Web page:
We learned yesterday that Netanyahu and his senior ministers are all astir by remarks made by John Kerry at a recent security conference in Germany. Echoing similar warnings he’s made in the past, Kerry noted that the failure of talks would only increase Israel’s isolation in the international community:
Today’s status quo absolutely, to a certainty, I promise you 100 percent, cannot be maintained. It’s not sustainable. It’s illusionary … You see for Israel, there’s an increasing delegitimization campaign that has been building up. People are very sensitive to it. There are talks of boycotts and other kinds of things.
Responding quickly, Netanyahu criticized the remarks during a subsequent cabinet meeting. Yuval Steinitz, Israel’s minister of strategic affairs, told Israel Radio on Sunday that Mr. Kerry’s comments were “hurtful,” “unfair” and “intolerable” and added, “Israel cannot be expected to negotiate with a gun to its head.” Not to be outdone, Knesset member Motti Yogev, of the Bayit Hayehudi party said Kerry’s “obsessive pressure” had “anti-Semitic overtones.”
There’s much to be said about the escalation of a war of words between Israeli politicians and the US Secretary of State. For my part, however, I’m less interested in a diplomatic pissing match over a moribund peace process than the way the issue of boycott has now firmly become entrenched in official discourse. Can their be any surer sign that the Boycott, Divestment and Sanctions movement has become a force to be reckoned with?
In this regard, I couldn’t help but be struck by Netanyahu’s comments in response:
Attempts to impose a boycott on the state of Israel are immoral and unjust. Moreover, they will not achieve their goal.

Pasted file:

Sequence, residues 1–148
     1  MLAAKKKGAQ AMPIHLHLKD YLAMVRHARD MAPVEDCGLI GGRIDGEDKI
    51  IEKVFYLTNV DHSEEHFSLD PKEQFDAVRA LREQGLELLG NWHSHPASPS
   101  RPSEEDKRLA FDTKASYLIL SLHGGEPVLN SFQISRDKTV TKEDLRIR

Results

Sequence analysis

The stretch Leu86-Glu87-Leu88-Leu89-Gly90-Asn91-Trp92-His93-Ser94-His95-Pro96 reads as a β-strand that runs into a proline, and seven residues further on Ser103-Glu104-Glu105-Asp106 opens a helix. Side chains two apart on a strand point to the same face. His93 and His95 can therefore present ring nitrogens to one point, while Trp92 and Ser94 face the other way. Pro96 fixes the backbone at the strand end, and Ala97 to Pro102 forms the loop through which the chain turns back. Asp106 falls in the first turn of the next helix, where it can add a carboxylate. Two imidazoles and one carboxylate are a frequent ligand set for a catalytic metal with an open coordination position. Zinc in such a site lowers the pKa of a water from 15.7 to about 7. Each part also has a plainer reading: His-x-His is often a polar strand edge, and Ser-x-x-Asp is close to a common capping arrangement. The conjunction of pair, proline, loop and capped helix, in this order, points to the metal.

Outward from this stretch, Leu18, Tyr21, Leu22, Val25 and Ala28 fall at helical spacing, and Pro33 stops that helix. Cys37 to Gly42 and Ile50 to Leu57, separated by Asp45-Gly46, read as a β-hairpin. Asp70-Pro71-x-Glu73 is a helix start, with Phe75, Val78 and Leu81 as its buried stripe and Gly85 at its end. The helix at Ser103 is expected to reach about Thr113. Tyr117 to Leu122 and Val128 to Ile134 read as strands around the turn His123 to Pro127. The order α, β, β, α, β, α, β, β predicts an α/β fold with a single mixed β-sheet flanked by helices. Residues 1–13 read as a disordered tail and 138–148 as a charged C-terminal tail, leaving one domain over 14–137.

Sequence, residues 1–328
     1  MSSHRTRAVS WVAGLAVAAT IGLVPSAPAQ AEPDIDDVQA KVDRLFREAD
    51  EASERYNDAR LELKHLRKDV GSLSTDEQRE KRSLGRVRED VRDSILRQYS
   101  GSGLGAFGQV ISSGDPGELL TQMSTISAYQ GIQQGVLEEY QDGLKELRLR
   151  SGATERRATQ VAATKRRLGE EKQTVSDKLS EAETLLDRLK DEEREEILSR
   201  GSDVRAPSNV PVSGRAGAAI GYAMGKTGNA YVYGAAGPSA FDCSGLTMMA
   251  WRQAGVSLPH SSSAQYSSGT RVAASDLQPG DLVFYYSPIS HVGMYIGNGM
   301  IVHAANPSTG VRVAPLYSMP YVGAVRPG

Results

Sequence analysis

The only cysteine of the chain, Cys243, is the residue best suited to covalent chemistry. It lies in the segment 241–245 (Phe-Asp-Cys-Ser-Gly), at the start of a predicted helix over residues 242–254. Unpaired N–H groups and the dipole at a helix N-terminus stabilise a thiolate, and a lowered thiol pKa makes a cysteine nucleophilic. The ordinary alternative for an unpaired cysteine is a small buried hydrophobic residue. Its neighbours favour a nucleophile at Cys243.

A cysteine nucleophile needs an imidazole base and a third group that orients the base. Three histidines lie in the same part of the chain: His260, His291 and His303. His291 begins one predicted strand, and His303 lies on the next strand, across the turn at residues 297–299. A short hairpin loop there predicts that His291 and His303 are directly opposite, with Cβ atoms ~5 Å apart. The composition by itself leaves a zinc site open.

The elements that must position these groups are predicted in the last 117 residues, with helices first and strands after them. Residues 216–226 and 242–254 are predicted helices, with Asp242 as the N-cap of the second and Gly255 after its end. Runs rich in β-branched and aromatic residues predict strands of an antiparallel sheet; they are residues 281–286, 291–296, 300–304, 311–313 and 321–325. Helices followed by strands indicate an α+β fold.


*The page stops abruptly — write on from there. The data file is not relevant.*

Of course, Kerry made no such claim that boycotts were “moral” or “just” (as a defensive State Department spokesperson hastened to point out). He was simply noting their very existence. And Netanyahu’s apoplectic reaction over this harmless comment makes it clear that he takes their existence very, very seriously indeed.
As well he should. With the recent American Studies Association announcement that it is honoring the academic boycott of Israeli universities – and the even more recent attention over Scarlett Johansson’s ill-fated agreement to shill for SodaStream – BDS is increasingly moving into the mainstream media spotlight. And more importantly, it is increasingly gaining adherents.
Anecdotally speaking I can attest to the growth of this movement by the growing number of conversations/debates I’ve been having on the issue of BDS. Generally they retread over the same territory: “Is BDS anti-semitic?” “Is BDS a double-standard?” “Is BDS effective?” “Will BDS lead to the destruction of Israel?”
I’m not interested in addressing these questions here – I’ve explored them at length in numerous blog posts dating back to 2009. Besides, it seems to me that right now the most important thing we can say about the BDS movement is that it is here to stay – and as long as Israel’s intolerable treatment of Palestinians continues, it promises to be chalking up even greater successes in the near future.
That’s why Kerry’s comments – candid though they were – smacked to me of a very real disingenuousness. After all, what is the real “delegimization campaign” here: the BDS movement or Israel’s oppressive policies toward Palestinians? If our government is unable or unwilling to hold Israel to account, we should not be surprised by the growth of a popular movement that does.